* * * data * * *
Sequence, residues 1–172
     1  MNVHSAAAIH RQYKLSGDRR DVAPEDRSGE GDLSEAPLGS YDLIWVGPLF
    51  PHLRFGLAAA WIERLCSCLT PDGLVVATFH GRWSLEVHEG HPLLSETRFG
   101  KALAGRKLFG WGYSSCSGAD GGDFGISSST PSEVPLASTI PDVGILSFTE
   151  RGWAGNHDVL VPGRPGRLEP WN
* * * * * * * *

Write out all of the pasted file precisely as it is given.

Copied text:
Sequence, residues 1–172
     1  MNVHSAAAIH RQYKLSGDRR DVAPEDRSGE GDLSEAPLGS YDLIWVGPLF
    51  PHLRFGLAAA WIERLCSCLT PDGLVVATFH GRWSLEVHEG HPLLSETRFG
   101  KALAGRKLFG WGYSSCSGAD GGDFGISSST PSEVPLASTI PDVGILSFTE
   151  RGWAGNHDVL VPGRPGRLEP WN